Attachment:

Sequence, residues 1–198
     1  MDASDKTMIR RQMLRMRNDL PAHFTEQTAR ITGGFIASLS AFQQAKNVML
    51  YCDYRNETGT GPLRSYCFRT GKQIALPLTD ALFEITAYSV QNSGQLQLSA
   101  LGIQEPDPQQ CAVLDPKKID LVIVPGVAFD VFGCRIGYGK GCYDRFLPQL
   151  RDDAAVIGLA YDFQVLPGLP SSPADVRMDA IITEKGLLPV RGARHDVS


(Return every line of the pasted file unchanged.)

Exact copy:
Sequence, residues 1–198
     1  MDASDKTMIR RQMLRMRNDL PAHFTEQTAR ITGGFIASLS AFQQAKNVML
    51  YCDYRNETGT GPLRSYCFRT GKQIALPLTD ALFEITAYSV QNSGQLQLSA
   101  LGIQEPDPQQ CAVLDPKKID LVIVPGVAFD VFGCRIGYGK GCYDRFLPQL
   151  RDDAAVIGLA YDFQVLPGLP SSPADVRMDA IITEKGLLPV RGARHDVS